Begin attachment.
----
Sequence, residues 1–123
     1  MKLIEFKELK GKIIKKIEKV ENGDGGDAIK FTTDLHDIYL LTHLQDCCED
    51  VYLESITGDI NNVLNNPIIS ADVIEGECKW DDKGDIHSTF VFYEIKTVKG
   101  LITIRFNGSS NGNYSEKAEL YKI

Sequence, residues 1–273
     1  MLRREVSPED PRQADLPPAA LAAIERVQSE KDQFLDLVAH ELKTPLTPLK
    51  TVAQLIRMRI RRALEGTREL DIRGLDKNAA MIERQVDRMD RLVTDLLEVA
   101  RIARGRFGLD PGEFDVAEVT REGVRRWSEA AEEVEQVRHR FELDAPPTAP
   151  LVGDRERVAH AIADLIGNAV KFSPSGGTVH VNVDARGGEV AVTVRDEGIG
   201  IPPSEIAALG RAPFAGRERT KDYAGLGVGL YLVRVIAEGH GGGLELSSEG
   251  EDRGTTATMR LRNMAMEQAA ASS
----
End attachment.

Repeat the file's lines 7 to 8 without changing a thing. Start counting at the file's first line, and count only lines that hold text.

    51  TVAQLIRMRI RRALEGTREL DIRGLDKNAA MIERQVDRMD RLVTDLLEVA
   101  RIARGRFGLD PGEFDVAEVT REGVRRWSEA AEEVEQVRHR FELDAPPTAP